i’m such a n00b i don’t even know how to navigate my own blog. like i put a caption on something the other day and now *poof* it’s gone :(
When someone you love is happy, you have been given a great gift; you are the honored guest at a rare celebration. If you are burdened, the joy of your brother lightens your burden, if you are crawling on your belly, his joy brings you to your feet. It’s true: my soul is a witness. After days, or weeks, of despair, and inertia, you are given the force to go out and contend for the rent money, and to get your watch out of the pawnshop. The happiness of someone you love proves that life is possible. Your own horrors, whatever they may be, must simply await your return from the celebration - there can be no question of your taking them with you. And there they sit, indeed, in your room, when you return, looking baleful and neglected, and you realize that some horrors need you far more than you need them, and mercilessly, you begin to clean house.
To overhaul a history, or to attempt to redeem it - which effort may or may not justify it - is not at all the same thing as the descent one must make in order to excavate a history. To be forced to excavate a history is, also, to repudiate the concept of history, and the vocabulary in which history is written; for the written history is, and must be, merely the vocabulary of power, and power is history’s most seductively attired false witness.
[trigger warning: racial violence]
“A black man does not look around him in the same way a white man does: there is a difference. In a way not too unlike the way i have learned to live, more or less, with my fear of flying, i have learned to live in a white world. It may sound banal, or unfriendly, but it must be said: when a black man looks around him, he is looking, after all, at the people who control his social situation, if not his life, at the people his children will encounter, win lose, or draw, at the people who menace everything and everyone he loves. And, though this fact controls every single aspect of their lives, the people he sees when he looks around him, either do not know it, or do not know they know it, or do not want to know it, or pretend not to know it. Yet they use, and are protected by this power every hour of every day. In the humiliating, dangerous, disastrous, or bloody event, it will make no difference what they know or don’t know. All that will matter is what they do, and he knows what they will do: they will kill him, or allow him to die. if one of their number protests this, and attempts to protect him, this white person then becomes […] a traitor - a reproach - and the two, the black and the white - are dispatched together.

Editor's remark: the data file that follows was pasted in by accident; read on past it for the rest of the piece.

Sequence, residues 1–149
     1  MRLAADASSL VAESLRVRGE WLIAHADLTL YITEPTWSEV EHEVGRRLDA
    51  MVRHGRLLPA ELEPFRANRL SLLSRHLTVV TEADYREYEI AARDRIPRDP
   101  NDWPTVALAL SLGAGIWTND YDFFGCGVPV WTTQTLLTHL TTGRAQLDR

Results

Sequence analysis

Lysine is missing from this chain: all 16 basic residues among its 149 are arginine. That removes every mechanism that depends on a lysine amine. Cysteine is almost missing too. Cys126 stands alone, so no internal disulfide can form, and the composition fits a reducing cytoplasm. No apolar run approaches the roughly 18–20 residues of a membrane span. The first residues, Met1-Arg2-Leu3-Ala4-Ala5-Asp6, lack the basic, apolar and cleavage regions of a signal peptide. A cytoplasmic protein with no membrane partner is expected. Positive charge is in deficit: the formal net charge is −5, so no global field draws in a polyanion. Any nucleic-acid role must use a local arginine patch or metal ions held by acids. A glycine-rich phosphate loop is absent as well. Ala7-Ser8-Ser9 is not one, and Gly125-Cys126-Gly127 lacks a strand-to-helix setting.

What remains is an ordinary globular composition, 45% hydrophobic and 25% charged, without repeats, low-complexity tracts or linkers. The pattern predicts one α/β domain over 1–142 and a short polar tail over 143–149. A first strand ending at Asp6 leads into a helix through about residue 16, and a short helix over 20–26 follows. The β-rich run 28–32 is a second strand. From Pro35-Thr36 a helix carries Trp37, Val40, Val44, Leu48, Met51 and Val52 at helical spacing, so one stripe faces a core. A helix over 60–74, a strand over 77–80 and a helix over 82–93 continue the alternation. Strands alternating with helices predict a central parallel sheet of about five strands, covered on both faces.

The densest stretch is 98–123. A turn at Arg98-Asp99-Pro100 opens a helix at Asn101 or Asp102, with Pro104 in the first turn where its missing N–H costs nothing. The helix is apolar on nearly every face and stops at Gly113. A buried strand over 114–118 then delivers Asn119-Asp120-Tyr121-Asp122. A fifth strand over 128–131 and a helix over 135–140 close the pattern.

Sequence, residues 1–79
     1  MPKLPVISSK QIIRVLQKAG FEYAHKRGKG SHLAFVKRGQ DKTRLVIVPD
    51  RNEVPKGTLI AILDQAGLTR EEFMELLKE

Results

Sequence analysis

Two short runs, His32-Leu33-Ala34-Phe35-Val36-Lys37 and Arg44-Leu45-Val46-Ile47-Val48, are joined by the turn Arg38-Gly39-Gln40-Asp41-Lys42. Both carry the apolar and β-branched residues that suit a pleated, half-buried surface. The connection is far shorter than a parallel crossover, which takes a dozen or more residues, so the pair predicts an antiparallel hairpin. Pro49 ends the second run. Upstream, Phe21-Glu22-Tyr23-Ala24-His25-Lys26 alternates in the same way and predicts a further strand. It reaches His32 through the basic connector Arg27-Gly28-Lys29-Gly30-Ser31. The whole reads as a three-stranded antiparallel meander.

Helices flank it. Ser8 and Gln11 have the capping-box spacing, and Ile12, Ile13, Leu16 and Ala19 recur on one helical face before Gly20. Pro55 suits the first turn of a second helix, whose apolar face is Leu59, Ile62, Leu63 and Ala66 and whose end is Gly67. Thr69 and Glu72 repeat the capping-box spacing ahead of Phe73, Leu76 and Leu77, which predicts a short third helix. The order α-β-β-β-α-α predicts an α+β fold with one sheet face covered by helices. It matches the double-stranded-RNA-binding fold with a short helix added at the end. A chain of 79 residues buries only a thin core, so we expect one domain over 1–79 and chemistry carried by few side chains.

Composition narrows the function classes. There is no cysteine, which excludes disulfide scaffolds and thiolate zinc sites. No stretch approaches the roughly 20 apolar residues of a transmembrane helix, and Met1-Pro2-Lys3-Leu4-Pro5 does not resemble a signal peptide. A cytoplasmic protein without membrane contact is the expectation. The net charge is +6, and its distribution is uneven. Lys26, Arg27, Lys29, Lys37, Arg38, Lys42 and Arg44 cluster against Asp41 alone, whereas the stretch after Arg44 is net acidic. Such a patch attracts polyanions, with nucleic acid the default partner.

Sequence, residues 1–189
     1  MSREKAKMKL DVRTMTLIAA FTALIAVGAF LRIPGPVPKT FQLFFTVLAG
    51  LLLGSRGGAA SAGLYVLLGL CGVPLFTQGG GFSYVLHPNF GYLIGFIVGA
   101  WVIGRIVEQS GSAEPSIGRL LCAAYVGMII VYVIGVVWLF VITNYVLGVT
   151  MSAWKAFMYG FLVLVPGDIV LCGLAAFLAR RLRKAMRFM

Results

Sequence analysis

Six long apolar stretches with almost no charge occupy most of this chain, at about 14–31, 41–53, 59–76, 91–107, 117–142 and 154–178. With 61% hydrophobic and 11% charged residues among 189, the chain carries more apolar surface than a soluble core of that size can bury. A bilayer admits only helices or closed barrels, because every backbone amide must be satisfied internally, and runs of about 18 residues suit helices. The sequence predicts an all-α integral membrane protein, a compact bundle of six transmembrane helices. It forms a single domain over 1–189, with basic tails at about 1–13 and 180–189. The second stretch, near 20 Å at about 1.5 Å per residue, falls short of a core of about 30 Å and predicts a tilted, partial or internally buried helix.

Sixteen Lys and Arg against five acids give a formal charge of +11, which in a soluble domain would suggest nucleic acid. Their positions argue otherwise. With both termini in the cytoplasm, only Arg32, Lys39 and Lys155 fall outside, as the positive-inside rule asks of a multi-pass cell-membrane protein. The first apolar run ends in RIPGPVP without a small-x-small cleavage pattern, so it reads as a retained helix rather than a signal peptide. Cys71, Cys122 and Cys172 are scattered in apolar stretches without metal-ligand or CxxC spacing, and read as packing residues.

It is impossible for a black man, here, not to anticipate, endlessly, disaster at the hands of his countrymen. The result is that he is always looking around him at people who do not know, or dare not know, what he is thinking, people who have been rendered incapable of seeing him. I listen to what white people say and, still more, to what they don’t say. I must: my life may depend on what I hear: I cannot afford to be surprised.
This means that, in the generality, everything a white man says to a black man is a confession, though the white man never knows it. Sometimes i sing because i’m happy, true, and sometimes i sing because i’m free: but sometimes i sing because it is so grinding down to spend one’s life listening to confessions”
peoplefeminists keep saying “i didn’t agree with her “politics” but she was still a woman” or some shit—they keep calling what she did her “politics.” her “politics.” what a neutral kind word. as if her “politics” were really just her “feelings” on something, rather than a very real set of consequences from her policies that had devastating repercussions for women throughout the world.
International Roma Day // April 8, 2013
International Roma Day is an opportunity to celebrate Romani culture but also to highlight the persecution and discrimination that Roma people face in all areas of life.
1. A woman holds a sign during a protest against Romani evictions in front of the European Union Parliament to mark International Roma Day in Brussels on April 8, 2013. (REUTERS/Francois Lenoir)
2. A Roma child loads recycled items on his bicycle in Pristina on April 8, 2013. (AFP/Armend Nimani)
3. A Roma woman and her baby are seen though the window of their caravan at a camp in Strasbourg on April 8, 2013. (REUTERS/Vincent Kessler)
4. A teenage girl fixes her hair near hanging laundry in Indre, near Nantes, western France on July 30, 2010. (REUTERS/Stephane Mahe)
5. Roma children wear masks during activities marking the International Roma Day in Pristina on April 8, 2013. (AFP/Armend Nimani)
6. Ioan Plesa, a Roma man, carries a bundle of twigs he collected to make brooms in Prislop village, 300 km northwest of Bucharest on September 29, 2010. (REUTERS/Radu Sigheti)